• Large heavy boxes may get thrown about by baggage handlers at airports. So it’s a good idea to pack material such as foam blocks or bubble wrap around your bike to prevent chafing or damaging parts.
  • Electronic components should be removed and stored safely or bubble wrapped as well.
  • Tires need to be deflated so as not to explode in low pressure cargo holds.
  • There are a few other things you’ll need to consider removing too. This article on flying with your bike has more information.
  • Arrive at the airport early and be prepared to have the box opened, fully inspected and then resealed.
  • If there is a bit of weight and space to spare, especially if the bike is in two boxes, add in your panniers and other gear to take full advantage of what will most likely be an expensive baggage fee.

Tips for flying e-bike batteries

You’ve got yourself happy with flying the e-bike frame. Now it’s time for the really hard bit; arranging for the e-bike battery to be transported on a specialist cargo plane.

Here is a general guideline of how we did it when we shipped our bikes from Canada to Europe. You’ll need to double-check, but we believe a similar approach applies when shipping between other destinations. Brace yourself, it can be painful, may take several weeks and is expensive!

Packaging and documentation

The complexity of packaging and shipping hazardous goods means you’ll need to locate a hazardous goods packaging and documentation company.  Packaging material and boxes must be certified as well as the packing of the battery itself by a certified hazardous goods agent who signs all the documentation. You cannot do it yourself.

Shipping an e-bike battery overseas

Ideally, that same packaging company would handle shipping the battery package, brokerage, and delivery to your desired location.

However, if properly packaged and documented by a certified agent, it is possible to handle the shipping via FedEx yourself.

We have found FedEx will accept a hazardous goods package from an individual that is properly packaged with certified documentation (not all the courier companies have the same policy on this).

This might save a bit in the cost of shipping plus give you complete control over where it is being shipped to and how you will connect with it when you arrive there with your bike.


There is one final hurdle however; foreign customs.

Customs agents in foreign countries clearing hazardous goods assume such goods are being imported for commercial purposes, not individual use.

FedEx will act as the broker in the foreign country, but require additional documentation from you, such as your airline ticket and intended personal use.  Otherwise, customs fees will be applied to the shipment based on the value of the battery.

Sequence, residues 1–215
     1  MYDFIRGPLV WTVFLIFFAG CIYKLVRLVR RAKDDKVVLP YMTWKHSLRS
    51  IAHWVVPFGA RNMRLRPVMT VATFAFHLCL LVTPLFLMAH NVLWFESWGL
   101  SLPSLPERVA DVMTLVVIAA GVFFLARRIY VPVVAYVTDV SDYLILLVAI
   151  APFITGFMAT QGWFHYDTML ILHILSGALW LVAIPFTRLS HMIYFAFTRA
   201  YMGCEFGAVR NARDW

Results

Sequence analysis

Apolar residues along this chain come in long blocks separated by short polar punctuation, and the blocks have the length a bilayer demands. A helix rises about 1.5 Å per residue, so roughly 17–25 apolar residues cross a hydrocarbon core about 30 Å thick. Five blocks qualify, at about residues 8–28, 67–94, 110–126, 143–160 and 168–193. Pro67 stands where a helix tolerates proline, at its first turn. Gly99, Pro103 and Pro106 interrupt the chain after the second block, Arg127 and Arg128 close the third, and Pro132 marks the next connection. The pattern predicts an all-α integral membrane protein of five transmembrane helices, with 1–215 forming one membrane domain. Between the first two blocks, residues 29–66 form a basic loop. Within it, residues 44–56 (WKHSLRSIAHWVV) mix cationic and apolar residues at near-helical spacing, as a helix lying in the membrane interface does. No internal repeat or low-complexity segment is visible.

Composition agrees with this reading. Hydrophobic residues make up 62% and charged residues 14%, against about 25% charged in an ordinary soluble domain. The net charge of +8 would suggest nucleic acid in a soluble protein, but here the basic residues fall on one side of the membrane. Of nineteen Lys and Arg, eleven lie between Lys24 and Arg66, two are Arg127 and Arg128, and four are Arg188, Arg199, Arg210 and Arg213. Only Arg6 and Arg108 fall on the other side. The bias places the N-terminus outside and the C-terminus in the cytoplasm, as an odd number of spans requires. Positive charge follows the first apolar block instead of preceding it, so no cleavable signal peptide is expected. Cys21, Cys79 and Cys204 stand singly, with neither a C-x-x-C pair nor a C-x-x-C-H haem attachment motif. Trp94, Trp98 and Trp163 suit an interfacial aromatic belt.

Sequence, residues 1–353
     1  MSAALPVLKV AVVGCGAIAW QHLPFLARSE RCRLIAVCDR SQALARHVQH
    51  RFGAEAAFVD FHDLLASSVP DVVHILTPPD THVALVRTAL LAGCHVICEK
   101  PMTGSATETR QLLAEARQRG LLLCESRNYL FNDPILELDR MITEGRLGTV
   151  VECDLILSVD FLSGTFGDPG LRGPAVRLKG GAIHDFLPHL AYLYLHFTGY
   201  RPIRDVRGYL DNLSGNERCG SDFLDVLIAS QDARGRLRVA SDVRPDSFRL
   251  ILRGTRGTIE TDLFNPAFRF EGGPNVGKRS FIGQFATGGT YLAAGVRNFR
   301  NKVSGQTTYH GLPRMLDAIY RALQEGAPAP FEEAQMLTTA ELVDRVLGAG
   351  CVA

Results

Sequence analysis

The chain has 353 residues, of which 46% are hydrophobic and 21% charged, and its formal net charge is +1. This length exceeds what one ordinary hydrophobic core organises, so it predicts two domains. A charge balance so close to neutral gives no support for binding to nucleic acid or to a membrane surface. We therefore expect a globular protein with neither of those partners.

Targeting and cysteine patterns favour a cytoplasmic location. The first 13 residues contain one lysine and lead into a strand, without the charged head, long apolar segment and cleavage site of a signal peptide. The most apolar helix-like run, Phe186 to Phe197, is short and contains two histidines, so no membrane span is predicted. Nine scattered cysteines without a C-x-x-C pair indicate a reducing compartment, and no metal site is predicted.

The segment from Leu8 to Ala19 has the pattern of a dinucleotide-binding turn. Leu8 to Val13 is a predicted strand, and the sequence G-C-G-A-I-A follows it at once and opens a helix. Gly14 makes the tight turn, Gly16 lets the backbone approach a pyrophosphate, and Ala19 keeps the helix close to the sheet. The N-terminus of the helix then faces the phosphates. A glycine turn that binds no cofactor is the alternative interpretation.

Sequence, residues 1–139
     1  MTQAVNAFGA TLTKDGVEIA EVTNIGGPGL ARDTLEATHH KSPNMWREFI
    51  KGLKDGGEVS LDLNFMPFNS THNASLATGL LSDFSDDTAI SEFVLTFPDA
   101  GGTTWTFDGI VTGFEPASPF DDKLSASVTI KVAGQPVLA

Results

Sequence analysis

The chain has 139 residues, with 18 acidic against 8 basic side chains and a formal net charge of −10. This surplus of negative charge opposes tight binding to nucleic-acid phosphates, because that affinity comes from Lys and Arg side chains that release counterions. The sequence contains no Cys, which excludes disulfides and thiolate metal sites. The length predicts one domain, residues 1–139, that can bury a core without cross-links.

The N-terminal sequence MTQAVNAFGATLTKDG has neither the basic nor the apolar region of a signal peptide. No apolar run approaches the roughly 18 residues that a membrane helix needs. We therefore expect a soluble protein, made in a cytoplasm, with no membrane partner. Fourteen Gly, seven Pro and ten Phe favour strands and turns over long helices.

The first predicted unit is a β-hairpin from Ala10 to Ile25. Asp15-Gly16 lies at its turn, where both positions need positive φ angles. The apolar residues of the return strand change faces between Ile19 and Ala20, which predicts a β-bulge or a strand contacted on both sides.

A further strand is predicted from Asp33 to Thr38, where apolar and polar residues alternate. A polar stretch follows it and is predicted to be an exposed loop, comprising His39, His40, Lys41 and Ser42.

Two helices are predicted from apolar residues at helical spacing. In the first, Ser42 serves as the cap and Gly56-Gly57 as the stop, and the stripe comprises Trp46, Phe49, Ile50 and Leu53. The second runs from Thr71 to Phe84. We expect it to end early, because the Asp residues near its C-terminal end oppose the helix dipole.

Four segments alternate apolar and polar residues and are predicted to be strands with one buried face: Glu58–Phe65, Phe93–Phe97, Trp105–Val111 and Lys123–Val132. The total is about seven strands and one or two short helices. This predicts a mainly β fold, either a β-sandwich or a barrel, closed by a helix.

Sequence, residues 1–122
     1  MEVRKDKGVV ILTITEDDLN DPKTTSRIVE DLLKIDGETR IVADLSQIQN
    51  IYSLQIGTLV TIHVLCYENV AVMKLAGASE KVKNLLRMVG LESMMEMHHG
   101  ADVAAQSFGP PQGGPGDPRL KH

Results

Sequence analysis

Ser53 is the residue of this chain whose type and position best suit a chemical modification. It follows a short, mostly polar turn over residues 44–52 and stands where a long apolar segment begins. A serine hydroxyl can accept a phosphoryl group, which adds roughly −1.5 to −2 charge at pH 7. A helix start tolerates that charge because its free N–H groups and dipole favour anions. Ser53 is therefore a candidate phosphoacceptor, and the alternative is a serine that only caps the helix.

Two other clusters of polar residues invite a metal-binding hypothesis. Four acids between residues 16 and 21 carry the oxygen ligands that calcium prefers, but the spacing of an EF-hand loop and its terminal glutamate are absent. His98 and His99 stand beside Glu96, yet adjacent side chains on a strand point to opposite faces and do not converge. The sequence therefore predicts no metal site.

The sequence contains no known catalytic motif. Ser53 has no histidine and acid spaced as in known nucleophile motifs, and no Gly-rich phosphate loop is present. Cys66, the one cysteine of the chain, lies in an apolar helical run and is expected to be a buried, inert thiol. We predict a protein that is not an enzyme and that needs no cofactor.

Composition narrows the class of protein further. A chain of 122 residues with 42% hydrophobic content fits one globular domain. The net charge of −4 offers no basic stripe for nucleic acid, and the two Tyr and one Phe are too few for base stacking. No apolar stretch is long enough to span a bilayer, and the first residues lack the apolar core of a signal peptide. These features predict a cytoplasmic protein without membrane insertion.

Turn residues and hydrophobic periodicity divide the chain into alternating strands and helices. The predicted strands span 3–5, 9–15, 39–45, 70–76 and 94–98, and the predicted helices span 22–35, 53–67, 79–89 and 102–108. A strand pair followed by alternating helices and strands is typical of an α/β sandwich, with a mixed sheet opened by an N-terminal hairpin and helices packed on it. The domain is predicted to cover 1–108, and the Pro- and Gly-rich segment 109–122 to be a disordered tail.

Once cleared FedEx will deliver the battery to a destination of your choice or hold it for pickup at one of their locations.

Other considerations

All told, this may take several weeks to accomplish – so ship the battery well in advance of your arrival.

Also bear in mind that if your bike is going back home at the end of the trip, you’re going to have to complete this process again going the other way!

Transporting an e-bike by car

Have a think about how you’ll transport your bulky e-bike box once it’s off the plane!

Alternatives to flying your e-bike

Read the above and decided you might not want to fly your e-bike battery after all?! Here are some alternatives.

Find a different way to get your bike to your destination

Can you avoid flying and take the bike overland yourself?

How viable this is will depend on how far you’re coming. Obviously Canada or the USA to Europe by boat is unlikely to work!

But if you’re travelling from the UK, within Europe or within the USA, some combination of ferry, car, bus or train could be feasible.

Use a shipping company to ship your e-bike

There are companies who offer various door to door shipping options for e-bikes.

If your e-bike is staying within one country or region, ground transport shipping could be a viable possibility (including battery). For example BikeFlights will ship e-bikes by ground service within the contiguous US.

Even if you’re going internationally, we believe there may be options to ship your e-bike (including battery) by ground and sea but we haven’t looked into these in detail. Of course, this isn’t going to be a speedy option!

Read more on this option in our article on shipping bikes within a country.

Hire an e-bike battery in your destination

If you take your e-bike as oversized luggage on a commercial flight without the battery, one solution is to attempt to hire a battery from someone that rents e-bikes with the same kind of battery upon arrival.

This is not a common service, as businesses usually prefer to hire out the entire e-bike and you’ll have to work out how to get the battery back to the owner at the end of your trip. This approach could also get expensive for an e-bike touring trip extending many weeks – it might be better to buy your e-bike battery (see below) so you have something to sell at the end.